Less than a month ago, former CIA employee and NSA contractor Edward Snowden left Hong Kong and remains in a Moscow transit lounge awaiting his next stop. Whatever the political fallout on relations between the United States, China and Hong Kong may be, it will not last long. Yet the surveillance programs that Snowden helped unveil will have profound implications for technological and commercial competition between the United States and China for decades to come.
Much of the debate surrounding Snowden has to do with the balance between governmental intrusion into private lives and the needs of national security. The United States insists that global monitoring is valuable and necessary to national security. Yet national security, broadly defined, could actually suffer if the reputations and business prospects of U.S. technology companies are damaged by these intelligence operations. Snowden’s exposé reminds people the power that a nation-state has over commercial companies, and is also likely to shift the balance of internal Chinese debate on technological development to be less favorable to American companies.
Today U.S. technology giants are the standard bearers of the tech world: Microsoft, Google, Facebook, Apple, Intel, Cisco, to name only a few. These American companies captured large shares of the global market not only due to their innovation, reliability and stylistic appearance—but also because their identities as international companies embody universal ambitions. These are the concrete benefits of soft power: people share your values and trust your technology, products and services in the most sensitive areas.
The implicit assumption of universality is important to understand today’s consumers, who have much less respect for national governments. They engage in transnational activities on a daily basis: social networking, video gaming, watching TV shows, taking on-line courses and collaborating on international research. Even in China, despite the so-called Great Firewall, young Internet users routinely manage to “bypass the Wall” and access banned information from abroad.
The alleged international surveillance, and the close relationships tech firms have developed with U.S. intelligence agencies, represents a violation of trust, while the Obama administration’s explanation that PRISM only targets foreigners infuriates those foreign consumers. If Snowden is to be believed, intelligence operations have hacked into some of the largest telecommunication infrastructures in China and Hong Kong, potentially creating instability in networks while collecting private information.
While this disclosure should not surprise the Chinese authorities—China conducts its own large-scale hacking operations, and has long claimed to be the biggest victim of cyberspace security breaches—one cannot underestimate its impact on the debates within China regarding future technological development.
When China built its telecommunication infrastructure in the 1990s and early 2000s, most equipment was imported because domestic suppliers were unavailable or immature. The Tsinghua university network hub—a major hacking target identified by Snowden, hosted China’s earliest Internet networks. In those days, Chinese users, especially those in large and critical organizations, favored foreign suppliers because they were more reliable and transparent, even if more expensive. Domestic start-ups often found themselves shut out by high-level buyers because of concerns about quality and service. This is why Huawei, now China’s largest telecommunications corporation, found most of its early opportunities in smaller provincial cities rather than in Beijing or Shanghai.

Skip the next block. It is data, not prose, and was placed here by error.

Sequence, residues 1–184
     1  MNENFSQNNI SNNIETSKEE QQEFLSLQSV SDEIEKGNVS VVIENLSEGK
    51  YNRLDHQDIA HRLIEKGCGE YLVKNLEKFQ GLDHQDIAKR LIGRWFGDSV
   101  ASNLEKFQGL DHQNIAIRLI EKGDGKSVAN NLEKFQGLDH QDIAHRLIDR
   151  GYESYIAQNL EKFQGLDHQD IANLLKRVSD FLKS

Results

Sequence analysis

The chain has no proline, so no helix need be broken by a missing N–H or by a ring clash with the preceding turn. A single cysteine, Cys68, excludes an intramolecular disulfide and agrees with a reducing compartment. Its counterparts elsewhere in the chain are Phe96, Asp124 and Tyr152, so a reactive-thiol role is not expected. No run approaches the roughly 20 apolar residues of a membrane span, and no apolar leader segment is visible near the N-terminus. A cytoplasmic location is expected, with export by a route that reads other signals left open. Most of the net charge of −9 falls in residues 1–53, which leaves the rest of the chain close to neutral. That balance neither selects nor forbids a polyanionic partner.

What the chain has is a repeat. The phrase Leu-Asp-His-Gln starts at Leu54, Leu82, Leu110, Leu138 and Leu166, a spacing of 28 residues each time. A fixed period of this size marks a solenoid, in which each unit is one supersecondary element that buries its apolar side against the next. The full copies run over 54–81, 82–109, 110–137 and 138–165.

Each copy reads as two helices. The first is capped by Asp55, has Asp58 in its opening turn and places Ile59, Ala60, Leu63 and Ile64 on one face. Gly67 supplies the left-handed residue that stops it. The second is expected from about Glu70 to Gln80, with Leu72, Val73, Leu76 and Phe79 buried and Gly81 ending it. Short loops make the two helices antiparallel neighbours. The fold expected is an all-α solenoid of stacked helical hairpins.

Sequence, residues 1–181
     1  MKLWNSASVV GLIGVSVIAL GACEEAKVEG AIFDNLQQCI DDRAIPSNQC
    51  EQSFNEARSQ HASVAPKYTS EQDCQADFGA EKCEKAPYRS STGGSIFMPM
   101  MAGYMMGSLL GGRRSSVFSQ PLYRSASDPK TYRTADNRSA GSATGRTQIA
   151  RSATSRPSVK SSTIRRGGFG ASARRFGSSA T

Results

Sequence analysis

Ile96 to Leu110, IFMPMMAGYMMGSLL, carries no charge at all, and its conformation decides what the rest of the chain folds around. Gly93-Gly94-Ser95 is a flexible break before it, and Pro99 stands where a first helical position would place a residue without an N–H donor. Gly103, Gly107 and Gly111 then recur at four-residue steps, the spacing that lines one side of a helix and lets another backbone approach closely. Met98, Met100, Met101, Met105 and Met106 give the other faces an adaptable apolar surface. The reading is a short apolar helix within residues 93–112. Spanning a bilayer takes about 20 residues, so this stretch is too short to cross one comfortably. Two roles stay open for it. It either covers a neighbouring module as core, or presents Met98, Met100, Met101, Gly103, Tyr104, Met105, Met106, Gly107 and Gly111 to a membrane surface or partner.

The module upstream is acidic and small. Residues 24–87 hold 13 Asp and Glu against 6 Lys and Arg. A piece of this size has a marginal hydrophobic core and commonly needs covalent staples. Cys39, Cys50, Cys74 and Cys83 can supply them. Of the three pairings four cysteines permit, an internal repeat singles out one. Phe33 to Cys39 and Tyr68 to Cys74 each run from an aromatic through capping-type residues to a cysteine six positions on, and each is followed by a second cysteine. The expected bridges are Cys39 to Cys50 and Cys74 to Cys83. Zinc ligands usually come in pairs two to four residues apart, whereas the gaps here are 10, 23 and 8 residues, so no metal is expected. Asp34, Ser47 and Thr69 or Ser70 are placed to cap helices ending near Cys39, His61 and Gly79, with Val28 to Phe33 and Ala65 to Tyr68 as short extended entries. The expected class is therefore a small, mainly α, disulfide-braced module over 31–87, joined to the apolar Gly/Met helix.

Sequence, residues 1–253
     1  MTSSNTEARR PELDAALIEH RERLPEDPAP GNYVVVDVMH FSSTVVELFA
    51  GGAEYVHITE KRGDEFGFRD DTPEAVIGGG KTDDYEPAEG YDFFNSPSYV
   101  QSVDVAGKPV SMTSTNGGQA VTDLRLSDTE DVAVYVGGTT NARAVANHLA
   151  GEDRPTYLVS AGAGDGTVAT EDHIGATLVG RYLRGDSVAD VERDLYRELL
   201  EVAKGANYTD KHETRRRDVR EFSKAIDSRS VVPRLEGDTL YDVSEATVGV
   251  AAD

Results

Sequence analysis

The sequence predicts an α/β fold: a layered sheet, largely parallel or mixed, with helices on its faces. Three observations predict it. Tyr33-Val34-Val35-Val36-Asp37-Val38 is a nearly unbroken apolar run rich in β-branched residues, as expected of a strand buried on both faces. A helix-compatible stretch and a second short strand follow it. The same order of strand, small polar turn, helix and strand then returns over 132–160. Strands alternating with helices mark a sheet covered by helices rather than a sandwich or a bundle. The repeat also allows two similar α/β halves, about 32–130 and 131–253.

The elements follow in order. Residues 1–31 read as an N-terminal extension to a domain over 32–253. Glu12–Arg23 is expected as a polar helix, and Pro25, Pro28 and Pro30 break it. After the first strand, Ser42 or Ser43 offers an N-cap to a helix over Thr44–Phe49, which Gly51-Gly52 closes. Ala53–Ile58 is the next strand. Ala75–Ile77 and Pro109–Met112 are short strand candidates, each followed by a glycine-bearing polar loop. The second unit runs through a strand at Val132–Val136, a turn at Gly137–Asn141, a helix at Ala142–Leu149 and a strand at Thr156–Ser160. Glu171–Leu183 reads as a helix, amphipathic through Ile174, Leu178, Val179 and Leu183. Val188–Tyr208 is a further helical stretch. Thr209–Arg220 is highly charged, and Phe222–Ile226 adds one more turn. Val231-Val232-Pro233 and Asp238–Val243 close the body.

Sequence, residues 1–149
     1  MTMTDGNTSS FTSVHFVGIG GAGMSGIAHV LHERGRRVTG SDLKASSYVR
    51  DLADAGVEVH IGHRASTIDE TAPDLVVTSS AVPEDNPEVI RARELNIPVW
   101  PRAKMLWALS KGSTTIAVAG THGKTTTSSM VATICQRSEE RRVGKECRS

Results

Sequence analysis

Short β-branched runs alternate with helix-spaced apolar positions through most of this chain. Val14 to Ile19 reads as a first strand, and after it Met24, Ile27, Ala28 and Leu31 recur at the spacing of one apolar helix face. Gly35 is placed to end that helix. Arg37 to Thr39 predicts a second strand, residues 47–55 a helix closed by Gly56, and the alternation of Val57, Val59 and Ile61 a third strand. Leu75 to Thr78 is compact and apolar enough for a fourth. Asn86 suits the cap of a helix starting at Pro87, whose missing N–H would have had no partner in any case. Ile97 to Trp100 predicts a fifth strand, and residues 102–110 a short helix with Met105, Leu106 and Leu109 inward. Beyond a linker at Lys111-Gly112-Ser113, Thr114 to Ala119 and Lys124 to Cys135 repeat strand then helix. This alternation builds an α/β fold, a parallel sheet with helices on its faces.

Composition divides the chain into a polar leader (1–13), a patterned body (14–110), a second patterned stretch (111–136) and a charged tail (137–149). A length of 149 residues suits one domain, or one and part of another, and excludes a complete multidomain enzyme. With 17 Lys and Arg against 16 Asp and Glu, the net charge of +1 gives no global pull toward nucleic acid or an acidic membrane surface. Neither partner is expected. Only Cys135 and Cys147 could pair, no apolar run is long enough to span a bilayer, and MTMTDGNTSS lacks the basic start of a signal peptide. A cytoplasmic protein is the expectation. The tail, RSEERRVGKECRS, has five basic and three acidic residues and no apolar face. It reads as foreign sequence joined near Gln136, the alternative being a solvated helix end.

Domestic alternatives are getting better, but gaps between foreign and domestic products and services persist. The long presence of U.S. tech companies in China, and their dominance in the world market, ensured that American technology has become deeply integrated into China’s technological landscape. For example, China’s supercomputer, Tianhe-2 (the fastest in the world as of 2013), is powered by U.S.-designed Intel chips.
The Chinese government has never been comfortable with the role of U.S. tech giants in its information-technology landscape. Ever since the 1980s, China has been making efforts–sometimes ad hoc, other times systematic—to develop its own domestic technological industry as an alternative to U.S. and other foreign suppliers. The government itself spearheaded some of these efforts, including setting technological standards for third- and fourth-generation wireless communication, and creating alternative satellite-navigation networks (such as the Beidou system ). Domestic companies motivated either by nationalism or commercial interests pioneered others. For example, in the 1990s Kingsoft tried to develop Chinese office software to replace Microsoft; this effort, like many others, failed. The most successful Chinese technology alternatives are Internet-based, either due to Chinese governmental censorship so foreign firms are blocked, or failure of some foreign companies to capture the preferences of Chinese users. Thus China now has its own Google (Baidu), Youtube (Youku or Tudou), Facebook (Tencent QQ and Renren), Twitter (Weibo) and Skype (WeChat).
Since 2006, the Chinese government has strengthened the push for domestic technological innovation through “indigenous-innovation” policies that encourage Chinese companies to self-direct research and development in crucial technological fields, and create their own intellectual property. This in part represents China’s effort to evolve from a low-wage to a higher-wage economy, but underneath it all, national security has always been a key motivation.